Six Chapter Airway Management
<ul><li>Identifying and using body substance   isolation procedures for airway   techniques </li></ul><ul><li>Providing ar...
<ul><li>Identifying the need for and providing   suctioning to patients  </li></ul><ul><li>Identifying the need for and   ...
Respiratory System
Breathing  —  Inhalation/Exhalation
Adequate Breathing: Normal Rates <ul><li>Adults </li></ul><ul><li>Children </li></ul><ul><li>Infant </li></ul>12  –  20/mi...
Adequate Breathing <ul><li>Rhythm: </li></ul>Usually regular Breath sounds audible with stethoscope Minimal effort <ul><li...
Inadequate Breathing Shallow chest expansion <ul><li>Depth: </li></ul>Outside normal range <ul><li>Rate: </li></ul>(fast o...
Inadequate Breathing Abnormal breath sounds <ul><li>Quality: </li></ul>(noisy, diminished, or absent) Unequal chest expans...
Just before death <ul><li>Agonal </li></ul><ul><li>gasps: </li></ul>Pale, cyanotic, cool,  or clammy <ul><li>Skin: </li></...
<ul><li>Nasal flaring </li></ul><ul><li>See-saw breathing </li></ul>Inadequate Breathing: Infants and Children
P RECEPTOR  P EARL Inform new EMT-Bs that a common sign of a partial airway obstruction is a snoring noise. As an experime...
Differences between the Airways of Children and Adults <ul><li>Mouth and nose </li></ul><ul><li>Pharynx </li></ul><ul><li>...
Child vs. Adult Airway
<ul><li>Chest rises and falls. </li></ul><ul><li>Heart rate returns to normal. </li></ul><ul><li>Skin color may return to ...
<ul><li>No visible chest rise. </li></ul><ul><li>Ventilating too slowly or too fast. </li></ul><ul><li>Heart rate does not...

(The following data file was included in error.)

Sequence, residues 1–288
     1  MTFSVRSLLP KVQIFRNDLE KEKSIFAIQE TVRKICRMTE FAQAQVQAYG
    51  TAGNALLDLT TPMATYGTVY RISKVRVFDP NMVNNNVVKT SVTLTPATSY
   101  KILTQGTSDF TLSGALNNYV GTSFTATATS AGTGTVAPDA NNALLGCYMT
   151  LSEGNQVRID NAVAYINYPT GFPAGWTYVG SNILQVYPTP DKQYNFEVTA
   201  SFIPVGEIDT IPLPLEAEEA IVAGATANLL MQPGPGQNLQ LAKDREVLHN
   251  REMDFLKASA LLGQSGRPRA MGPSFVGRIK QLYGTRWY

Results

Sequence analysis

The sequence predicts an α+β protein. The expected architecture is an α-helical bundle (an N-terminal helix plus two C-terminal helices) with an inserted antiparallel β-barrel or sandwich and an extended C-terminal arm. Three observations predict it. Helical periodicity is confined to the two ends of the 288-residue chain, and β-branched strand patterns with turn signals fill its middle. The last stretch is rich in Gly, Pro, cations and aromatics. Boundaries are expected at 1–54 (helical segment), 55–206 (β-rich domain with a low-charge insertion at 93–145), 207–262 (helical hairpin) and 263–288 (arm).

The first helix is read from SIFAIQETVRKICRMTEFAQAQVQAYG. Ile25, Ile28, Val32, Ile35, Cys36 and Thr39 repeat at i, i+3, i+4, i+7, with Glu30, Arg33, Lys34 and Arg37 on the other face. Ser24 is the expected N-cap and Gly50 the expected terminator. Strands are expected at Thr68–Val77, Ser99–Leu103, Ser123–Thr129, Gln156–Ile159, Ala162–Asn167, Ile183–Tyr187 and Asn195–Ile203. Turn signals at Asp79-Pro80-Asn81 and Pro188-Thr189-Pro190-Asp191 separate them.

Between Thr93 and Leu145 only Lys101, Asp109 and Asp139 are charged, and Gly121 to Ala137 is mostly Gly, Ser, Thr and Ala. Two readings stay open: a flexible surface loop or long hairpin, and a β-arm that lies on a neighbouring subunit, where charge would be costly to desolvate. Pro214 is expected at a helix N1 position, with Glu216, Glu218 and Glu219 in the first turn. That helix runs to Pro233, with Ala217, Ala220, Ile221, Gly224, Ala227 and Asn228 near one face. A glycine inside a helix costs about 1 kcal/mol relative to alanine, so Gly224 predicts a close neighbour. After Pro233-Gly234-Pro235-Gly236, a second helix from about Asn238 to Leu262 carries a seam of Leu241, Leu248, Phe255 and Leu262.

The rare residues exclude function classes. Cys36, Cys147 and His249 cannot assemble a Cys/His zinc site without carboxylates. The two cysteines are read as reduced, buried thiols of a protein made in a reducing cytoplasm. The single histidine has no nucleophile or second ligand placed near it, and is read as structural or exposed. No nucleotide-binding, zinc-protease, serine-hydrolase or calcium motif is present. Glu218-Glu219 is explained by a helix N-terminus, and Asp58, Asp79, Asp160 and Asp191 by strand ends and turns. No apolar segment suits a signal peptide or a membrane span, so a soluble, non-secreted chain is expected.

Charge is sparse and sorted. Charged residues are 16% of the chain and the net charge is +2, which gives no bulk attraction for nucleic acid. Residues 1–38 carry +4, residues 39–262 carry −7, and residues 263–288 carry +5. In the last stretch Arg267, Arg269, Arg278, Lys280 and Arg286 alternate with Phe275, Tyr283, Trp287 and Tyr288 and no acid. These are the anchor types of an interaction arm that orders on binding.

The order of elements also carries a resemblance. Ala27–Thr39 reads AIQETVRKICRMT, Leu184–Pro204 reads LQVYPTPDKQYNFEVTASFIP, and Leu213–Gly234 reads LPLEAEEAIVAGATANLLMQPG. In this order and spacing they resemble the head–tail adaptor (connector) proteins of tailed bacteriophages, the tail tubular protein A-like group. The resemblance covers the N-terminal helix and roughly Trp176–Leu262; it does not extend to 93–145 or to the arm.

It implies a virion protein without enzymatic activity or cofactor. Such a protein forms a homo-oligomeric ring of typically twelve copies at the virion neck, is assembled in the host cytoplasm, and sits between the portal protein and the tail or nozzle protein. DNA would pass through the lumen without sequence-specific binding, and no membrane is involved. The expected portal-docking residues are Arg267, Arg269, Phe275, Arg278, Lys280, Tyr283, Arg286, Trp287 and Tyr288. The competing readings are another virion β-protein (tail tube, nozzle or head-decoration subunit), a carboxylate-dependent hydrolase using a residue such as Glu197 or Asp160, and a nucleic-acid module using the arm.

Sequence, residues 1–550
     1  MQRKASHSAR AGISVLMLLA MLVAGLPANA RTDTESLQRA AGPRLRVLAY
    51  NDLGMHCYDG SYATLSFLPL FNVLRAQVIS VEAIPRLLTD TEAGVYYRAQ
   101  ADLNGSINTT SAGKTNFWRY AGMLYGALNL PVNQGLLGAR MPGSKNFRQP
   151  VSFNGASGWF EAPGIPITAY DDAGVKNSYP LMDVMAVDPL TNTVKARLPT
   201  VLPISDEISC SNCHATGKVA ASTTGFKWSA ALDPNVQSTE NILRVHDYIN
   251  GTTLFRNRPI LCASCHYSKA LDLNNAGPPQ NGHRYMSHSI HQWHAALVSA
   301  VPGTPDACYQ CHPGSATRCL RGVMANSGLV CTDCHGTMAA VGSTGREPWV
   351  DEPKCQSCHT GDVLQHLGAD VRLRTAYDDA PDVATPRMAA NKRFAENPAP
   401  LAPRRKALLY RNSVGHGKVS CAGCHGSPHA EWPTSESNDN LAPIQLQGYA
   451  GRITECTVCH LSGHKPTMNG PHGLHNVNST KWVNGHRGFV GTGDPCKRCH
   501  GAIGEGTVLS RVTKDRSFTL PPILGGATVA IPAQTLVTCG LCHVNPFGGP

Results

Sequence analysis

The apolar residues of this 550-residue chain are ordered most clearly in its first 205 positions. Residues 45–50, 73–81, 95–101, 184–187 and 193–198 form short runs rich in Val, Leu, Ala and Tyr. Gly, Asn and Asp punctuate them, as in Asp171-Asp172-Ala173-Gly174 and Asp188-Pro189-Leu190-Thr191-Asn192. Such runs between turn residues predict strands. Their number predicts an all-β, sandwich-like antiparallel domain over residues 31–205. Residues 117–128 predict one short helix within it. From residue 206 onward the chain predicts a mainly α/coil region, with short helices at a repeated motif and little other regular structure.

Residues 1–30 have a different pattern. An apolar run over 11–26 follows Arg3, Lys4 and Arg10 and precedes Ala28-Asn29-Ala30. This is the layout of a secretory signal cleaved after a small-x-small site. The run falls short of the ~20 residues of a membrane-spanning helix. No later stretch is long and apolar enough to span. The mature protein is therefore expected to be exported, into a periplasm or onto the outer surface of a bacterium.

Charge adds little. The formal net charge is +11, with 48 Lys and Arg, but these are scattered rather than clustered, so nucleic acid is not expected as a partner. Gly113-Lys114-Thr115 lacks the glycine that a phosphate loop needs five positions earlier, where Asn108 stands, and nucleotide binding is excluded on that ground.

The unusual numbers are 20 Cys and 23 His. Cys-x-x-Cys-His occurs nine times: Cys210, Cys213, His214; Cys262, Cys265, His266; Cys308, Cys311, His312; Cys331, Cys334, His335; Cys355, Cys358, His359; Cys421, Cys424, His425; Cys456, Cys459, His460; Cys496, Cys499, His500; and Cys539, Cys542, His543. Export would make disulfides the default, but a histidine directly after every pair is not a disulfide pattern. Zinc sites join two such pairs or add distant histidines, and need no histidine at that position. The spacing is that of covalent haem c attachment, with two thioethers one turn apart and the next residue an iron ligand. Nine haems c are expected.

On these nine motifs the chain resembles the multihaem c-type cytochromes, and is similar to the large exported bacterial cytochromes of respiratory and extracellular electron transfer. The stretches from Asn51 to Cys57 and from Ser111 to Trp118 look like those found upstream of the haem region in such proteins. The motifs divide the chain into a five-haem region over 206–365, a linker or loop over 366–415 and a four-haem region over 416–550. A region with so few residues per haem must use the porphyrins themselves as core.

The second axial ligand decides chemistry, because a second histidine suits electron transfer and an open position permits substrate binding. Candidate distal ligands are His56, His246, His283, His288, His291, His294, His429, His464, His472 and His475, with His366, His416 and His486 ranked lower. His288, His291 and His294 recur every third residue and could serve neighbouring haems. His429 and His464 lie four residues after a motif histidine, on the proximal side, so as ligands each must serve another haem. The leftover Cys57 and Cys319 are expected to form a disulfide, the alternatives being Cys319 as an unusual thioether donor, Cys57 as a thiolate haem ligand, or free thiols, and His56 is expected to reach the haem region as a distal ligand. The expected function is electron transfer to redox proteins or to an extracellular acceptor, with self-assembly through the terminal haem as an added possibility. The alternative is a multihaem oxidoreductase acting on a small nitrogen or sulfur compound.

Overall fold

O PENING THE AIRWAY
Head-Tilt, Chin-Lift Maneuver
Jaw-Thrust Maneuver
T ECHNIQUES OF SUCTIONING
To remove blood, other liquids, and food from the airway. Purpose of Suctioning WHEN YOU HEAR GURGLING,  SUCTION!
Mounted Oxygen-Powered Battery-Powered   Manual Suction Types of Suction Units
Suction Catheters <ul><li>Hard </li></ul><ul><li>Usually does a good job </li></ul><ul><li>Soft </li></ul><ul><li>Useful f...
Body Substance Isolation Equipment
Inspect and test suction unit before you need it.
Position the patient and yourself properly.
Open the patient’s mouth while protecting your fingers.
Without suctioning, insert hard catheter to base of tongue.
Once tip of catheter is in right place, apply suction, move tip, and remove fluid in airway.
If using a soft catheter, insert it only as far as the distance from the lips to the earlobe or angle of the jaw.
(Less in children and infants) Suction for No More Than 15 Seconds at a Time
Patients Producing Frothy Sputum <ul><li>Remove it as fast as you can. </li></ul><ul><li>Suction for 15 seconds. </li></ul...
If necessary, rinse catheter and tubing  to prevent obstruction of tubing by dried material.
P RECEPTOR  P EARL Rather than counting out 15 seconds as the maximum amount of time for suctioning, just take a breath an...
T ECHNIQUES OF ARTIFICIAL VENTILATION
Techniques of Artificial Ventilation <ul><li>Mouth-to-mask </li></ul><ul><li>Two-person bag-valve mask </li></ul><ul><li>F...
Mouth-to-Mask Ventilation
Bag-Valve Mask
Open the airway with the head-tilt, chin-lift technique.
Select mask of correct size.
Position yourself behind the patient’s head.